Manchester United will not do the quintuple, says Sir Alex Ferguson
Published 00:00 01/03/09 By By Simon Mullock
Sir Alex Ferguson says he does not have what it takes to eclipse his hero Jock Stein.
Celtic legend Stein is the only manager to complete a quadruple - his Lisbon Lions of 1967 lifting the European Cup at the end of a season which saw them crowned as Scottish champions and winners of the Scottish Cup and League Cup.
Forty-two years later, history beckons for Ferguson's Manchester United, with the newly crowned club world champions top of the Premier League, favourites to progress ahead of Inter Milan into the last eight of the Champions League and set to face Fulham in the quarter-finals of the FA Cup.
If United beat Tottenham in the Carling Cup Final today it will be the 41st trophy of a managerial career that saw Ferguson graduate to Old Trafford via East Stirling, St Mirren, Aberdeen - and a brief spell as Stein's assistant with Scotland..
But the United boss said: "Equalling Jock is not something that motivates me.
"You make your own history at Manchester United rather than emulate someone else.
"I don't think we can win everything anyway. In cup football you can lose a game quite easily with a deflected shot or something like that.
"We have a decent lead in the Premier League, a home tie against Inter Milan, and we play Tottenham in the Carling Cup Final.
"But it only takes a slip in this game and you are finished.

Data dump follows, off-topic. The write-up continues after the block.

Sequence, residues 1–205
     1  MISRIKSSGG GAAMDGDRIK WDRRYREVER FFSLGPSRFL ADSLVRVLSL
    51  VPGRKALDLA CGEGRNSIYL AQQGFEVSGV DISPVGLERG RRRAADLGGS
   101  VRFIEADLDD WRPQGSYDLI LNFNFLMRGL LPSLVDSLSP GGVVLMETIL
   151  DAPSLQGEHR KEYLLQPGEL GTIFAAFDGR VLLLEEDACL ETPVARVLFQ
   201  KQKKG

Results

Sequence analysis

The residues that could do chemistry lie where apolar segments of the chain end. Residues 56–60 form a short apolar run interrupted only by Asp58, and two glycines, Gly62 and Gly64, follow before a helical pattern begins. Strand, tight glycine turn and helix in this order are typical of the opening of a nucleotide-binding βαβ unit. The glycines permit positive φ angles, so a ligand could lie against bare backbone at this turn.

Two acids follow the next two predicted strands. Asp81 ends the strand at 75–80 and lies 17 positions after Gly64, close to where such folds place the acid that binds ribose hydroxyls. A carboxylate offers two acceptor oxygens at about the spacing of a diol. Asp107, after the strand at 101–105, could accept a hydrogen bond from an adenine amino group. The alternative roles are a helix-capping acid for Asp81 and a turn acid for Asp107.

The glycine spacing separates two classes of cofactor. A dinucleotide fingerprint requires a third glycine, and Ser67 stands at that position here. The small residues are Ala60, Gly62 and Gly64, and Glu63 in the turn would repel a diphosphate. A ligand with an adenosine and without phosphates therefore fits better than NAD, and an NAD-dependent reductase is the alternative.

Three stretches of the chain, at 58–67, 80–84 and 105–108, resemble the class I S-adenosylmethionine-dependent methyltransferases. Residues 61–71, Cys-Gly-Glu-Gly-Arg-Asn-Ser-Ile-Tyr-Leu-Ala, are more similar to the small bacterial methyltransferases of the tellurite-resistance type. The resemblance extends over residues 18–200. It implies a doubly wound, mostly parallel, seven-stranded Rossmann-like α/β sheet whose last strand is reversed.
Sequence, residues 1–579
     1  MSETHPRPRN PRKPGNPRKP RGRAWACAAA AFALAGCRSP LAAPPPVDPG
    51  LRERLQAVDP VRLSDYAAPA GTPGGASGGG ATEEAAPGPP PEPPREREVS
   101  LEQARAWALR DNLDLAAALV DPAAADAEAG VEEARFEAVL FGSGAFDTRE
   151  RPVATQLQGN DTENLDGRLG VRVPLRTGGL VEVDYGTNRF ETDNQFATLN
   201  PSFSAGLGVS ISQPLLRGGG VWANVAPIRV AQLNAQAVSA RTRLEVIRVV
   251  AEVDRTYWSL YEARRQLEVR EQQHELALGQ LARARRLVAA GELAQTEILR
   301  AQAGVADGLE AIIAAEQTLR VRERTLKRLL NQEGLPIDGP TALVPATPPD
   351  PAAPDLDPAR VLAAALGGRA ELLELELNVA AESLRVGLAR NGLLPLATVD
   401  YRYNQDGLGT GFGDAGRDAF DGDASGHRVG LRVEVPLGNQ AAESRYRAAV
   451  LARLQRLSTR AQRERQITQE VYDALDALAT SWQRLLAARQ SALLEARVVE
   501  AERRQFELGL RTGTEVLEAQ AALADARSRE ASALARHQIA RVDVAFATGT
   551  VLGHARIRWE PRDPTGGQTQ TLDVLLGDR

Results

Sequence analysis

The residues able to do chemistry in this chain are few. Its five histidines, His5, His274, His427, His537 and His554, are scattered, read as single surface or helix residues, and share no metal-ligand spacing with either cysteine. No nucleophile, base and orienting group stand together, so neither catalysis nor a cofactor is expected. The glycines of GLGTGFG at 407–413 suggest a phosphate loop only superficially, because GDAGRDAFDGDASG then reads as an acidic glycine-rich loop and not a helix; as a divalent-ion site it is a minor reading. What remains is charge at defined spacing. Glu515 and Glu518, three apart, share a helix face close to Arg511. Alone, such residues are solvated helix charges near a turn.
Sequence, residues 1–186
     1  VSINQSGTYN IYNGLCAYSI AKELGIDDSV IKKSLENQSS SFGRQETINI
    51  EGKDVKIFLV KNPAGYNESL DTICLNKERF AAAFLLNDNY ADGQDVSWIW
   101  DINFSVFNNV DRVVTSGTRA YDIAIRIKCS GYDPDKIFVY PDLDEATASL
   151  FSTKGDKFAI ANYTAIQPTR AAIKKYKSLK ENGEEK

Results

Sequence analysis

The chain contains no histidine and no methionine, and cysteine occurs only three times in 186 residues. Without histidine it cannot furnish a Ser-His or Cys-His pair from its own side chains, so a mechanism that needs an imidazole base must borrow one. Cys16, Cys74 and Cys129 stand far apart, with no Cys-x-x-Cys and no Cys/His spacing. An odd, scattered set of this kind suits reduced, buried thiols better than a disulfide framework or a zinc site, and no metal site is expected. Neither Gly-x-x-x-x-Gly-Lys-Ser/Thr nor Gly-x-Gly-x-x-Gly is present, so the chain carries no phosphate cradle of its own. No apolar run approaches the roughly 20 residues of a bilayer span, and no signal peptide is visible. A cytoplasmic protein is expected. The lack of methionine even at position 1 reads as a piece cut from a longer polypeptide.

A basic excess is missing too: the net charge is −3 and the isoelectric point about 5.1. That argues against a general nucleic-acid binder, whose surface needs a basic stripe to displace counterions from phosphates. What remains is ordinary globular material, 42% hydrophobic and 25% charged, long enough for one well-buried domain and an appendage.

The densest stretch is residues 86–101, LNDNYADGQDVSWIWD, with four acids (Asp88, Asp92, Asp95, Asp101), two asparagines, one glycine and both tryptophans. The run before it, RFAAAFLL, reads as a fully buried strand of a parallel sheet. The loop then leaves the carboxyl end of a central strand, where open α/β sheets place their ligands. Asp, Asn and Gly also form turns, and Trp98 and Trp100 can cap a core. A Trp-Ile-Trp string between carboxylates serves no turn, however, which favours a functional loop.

"I have never thought of equalling Jock's record. I had forgotten all about it - although I do remember now that he also won the Glasgow Cup in 1967 as well and there were some good teams playing in that. What Jock did was incredible. You think about it winning the European Cup with a 14-man squad all from within a 25-mile radius of Celtic Park.
"I was on the receiving end of a few defeats at that time. But I think Bill Shankly summed Jock Stein up best by saying he was immortal."
Ferguson has never forgotten the debt of gratitude he owes to Stein when he was cutting his managerial teeth.
Ferguson said: "Jock was a fantastic manager. I always remember asking him why he never criticised players and he gave me my most important piece of advice.
"Jock made a great point, he asked why should he penalise a player's family by criticising him in public?
"You may want to throttle a player but you don't need to tell the press about it.
"He said all you do is make enemies of their cousins, their uncles, their aunties, their mothers, their pals, their teacher and their milkmen. Why do it? You fall out with them all."
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